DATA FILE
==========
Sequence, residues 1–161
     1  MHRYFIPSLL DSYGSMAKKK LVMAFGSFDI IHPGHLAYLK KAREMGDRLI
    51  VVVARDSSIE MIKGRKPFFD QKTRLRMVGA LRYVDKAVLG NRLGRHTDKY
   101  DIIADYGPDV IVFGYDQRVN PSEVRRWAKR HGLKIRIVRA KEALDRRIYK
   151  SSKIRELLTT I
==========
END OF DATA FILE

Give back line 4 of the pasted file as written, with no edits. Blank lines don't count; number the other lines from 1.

   101  DIIADYGPDV IVFGYDQRVN PSEVRRWAKR HGLKIRIVRA KEALDRRIYK